When the COVID-19 pandemic forced most employees to work from home, it shook the job market. The lockdown prompted many workers to quit or seek better jobs, inspiring the term "The Great Resignation," as they shifted to take care of family or re-evaluated their lives and careers. As a result, employers have had to adapt -- from allowing remote work to implementing new diversity, equity and inclusion strategies, and creating belonging such as the establishment of employee resource groups.
"I think it's vital that organizations build a strong employer brand that will attract diverse talent so workers feel they can thrive in that organization," says Teresa McKinney, assistant vice president and director for diversity and inclusion at UNT.
Whether you're an alumnus who resigned from your position looking for a better opportunity or a recent graduate seeking your first job, you can tap into the Career Center -- which provides help with resumes, interviews and other aspects of the job search.
Here, three members of the UNT community discuss the impact of the jobs shift.
Management lecturer in the G. Brint Ryan College of Business and program director of Coursera B.S. General Business Degree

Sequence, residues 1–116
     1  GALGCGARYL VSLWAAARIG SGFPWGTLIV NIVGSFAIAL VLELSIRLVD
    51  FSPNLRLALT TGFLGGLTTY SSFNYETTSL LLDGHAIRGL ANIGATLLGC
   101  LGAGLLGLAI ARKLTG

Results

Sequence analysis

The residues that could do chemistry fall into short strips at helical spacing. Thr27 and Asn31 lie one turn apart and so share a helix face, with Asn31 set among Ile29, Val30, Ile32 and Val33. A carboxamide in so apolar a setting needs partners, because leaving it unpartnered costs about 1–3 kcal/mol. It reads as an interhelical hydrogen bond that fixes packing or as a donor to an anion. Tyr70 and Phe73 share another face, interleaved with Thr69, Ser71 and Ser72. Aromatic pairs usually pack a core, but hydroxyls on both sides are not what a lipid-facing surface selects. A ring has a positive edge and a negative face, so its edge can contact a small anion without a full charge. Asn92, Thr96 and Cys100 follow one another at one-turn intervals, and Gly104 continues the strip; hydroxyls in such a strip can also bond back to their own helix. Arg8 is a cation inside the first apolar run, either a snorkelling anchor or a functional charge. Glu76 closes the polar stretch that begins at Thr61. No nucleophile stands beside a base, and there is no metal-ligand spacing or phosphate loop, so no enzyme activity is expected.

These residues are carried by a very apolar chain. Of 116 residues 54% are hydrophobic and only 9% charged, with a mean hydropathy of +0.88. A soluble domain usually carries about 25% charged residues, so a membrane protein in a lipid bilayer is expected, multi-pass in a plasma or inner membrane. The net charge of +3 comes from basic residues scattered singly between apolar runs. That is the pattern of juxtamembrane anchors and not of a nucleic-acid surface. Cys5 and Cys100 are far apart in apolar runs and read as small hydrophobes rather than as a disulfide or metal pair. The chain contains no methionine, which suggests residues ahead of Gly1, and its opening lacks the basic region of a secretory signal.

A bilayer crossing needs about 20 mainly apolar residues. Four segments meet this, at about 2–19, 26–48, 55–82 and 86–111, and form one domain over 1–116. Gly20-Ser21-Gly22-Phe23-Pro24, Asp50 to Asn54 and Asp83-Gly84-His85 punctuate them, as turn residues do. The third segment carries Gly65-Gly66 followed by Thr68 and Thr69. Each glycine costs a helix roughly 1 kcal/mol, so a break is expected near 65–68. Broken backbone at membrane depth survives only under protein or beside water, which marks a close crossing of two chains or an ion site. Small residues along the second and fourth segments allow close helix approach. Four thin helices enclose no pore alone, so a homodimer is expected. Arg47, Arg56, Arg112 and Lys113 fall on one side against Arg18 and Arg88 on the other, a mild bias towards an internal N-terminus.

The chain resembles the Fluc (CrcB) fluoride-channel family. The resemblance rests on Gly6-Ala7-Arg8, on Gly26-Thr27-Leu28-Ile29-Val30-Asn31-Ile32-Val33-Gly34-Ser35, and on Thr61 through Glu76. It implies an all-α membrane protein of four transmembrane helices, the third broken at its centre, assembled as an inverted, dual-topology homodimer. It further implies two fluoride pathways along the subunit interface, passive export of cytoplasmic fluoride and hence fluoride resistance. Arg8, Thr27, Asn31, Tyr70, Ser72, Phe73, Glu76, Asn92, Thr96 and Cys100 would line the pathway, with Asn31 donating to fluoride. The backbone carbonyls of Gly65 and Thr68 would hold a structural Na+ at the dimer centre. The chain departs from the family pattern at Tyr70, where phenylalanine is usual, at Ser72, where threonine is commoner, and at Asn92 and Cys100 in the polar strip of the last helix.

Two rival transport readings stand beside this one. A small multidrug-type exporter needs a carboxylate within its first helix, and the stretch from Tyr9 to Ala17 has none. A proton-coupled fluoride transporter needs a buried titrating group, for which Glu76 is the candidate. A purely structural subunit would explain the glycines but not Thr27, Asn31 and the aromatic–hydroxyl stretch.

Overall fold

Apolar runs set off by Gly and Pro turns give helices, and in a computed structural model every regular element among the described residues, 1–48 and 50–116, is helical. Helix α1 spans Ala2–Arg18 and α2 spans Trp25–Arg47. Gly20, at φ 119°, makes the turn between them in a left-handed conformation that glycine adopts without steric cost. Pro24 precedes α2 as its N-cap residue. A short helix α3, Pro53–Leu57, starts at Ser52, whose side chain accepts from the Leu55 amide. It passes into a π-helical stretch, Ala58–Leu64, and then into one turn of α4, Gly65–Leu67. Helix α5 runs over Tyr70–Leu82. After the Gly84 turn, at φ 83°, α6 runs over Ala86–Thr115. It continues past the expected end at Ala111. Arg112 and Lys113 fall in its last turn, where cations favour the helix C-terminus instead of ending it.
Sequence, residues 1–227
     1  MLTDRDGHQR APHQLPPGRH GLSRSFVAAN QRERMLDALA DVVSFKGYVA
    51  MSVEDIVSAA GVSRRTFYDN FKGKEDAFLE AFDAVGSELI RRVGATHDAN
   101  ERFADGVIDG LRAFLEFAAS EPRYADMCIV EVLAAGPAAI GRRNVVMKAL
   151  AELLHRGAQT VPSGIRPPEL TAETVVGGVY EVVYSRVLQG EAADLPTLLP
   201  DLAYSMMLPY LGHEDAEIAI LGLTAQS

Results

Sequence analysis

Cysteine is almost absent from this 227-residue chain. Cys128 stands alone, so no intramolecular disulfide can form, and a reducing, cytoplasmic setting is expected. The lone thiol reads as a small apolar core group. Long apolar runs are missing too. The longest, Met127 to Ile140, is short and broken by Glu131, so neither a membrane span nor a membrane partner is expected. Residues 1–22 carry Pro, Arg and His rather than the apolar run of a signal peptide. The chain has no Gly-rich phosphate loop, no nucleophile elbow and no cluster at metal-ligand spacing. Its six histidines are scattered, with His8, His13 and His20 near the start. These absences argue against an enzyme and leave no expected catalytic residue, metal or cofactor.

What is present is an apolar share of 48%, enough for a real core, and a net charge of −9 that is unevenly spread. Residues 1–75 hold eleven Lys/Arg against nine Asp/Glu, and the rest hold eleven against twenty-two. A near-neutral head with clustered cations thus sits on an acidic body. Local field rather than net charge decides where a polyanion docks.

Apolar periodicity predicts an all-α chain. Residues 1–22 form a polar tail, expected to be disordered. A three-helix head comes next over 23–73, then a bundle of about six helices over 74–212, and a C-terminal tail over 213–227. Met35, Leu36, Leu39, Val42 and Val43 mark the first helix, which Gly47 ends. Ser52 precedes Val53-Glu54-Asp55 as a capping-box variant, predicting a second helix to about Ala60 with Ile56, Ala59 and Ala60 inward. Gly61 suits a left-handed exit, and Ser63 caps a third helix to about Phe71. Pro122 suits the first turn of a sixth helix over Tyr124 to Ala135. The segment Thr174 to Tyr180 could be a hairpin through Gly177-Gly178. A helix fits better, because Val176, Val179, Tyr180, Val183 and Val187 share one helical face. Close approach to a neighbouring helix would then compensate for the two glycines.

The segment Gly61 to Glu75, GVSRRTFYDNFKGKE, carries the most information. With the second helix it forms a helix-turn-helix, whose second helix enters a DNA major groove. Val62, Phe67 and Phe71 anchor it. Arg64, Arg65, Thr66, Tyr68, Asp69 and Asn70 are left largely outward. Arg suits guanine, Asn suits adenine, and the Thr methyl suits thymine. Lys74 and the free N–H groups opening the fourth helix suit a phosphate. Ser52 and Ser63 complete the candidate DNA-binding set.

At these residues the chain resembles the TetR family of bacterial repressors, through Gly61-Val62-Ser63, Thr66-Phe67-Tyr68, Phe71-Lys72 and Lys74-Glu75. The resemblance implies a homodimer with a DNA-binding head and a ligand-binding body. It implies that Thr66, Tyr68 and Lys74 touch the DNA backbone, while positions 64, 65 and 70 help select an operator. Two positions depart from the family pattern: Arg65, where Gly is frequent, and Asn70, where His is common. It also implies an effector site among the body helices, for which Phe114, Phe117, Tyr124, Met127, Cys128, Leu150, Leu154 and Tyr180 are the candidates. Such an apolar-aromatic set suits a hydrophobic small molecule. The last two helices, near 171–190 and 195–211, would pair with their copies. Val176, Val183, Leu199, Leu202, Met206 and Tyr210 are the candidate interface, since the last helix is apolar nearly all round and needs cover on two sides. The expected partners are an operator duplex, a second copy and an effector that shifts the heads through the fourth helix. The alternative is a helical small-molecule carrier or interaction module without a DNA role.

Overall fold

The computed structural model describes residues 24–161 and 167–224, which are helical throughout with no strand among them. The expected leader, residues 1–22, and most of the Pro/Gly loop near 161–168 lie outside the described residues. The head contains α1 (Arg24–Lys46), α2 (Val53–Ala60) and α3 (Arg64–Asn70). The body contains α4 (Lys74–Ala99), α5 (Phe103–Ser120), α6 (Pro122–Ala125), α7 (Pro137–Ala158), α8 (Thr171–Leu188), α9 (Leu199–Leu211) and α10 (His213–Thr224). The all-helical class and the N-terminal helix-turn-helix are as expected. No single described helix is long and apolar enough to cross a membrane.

"Employers can allow for more autonomy of when and where employees choose to work. If a job can be done remotely, then there are virtually no geographic limitations on where the employee lives, meaning companies can expand their recruitment pools beyond traditional regional recruitment. This also may allow for more access to diverse talent."
Assistant vice president and director for diversity and inclusion for UNT's Division of Inclusion, Diversity, Equity and Access
"Organizational change and disruptions always create uncertainty among employees, but for many historically marginalized workers, the question remains as to how these current disruptions will affect their experience, retention and job opportunities in the future. Employers must be sensitive to employees' perceptions of support, equity and employee well-being."
"The increase in labor demand is impressive in most sectors of the local economy. College-educated workers are especially in demand from these new firms. But the economy may be facing a mild recession in the short term, and the strong labor market demand may give younger workers a false sense of security in their employment decisions."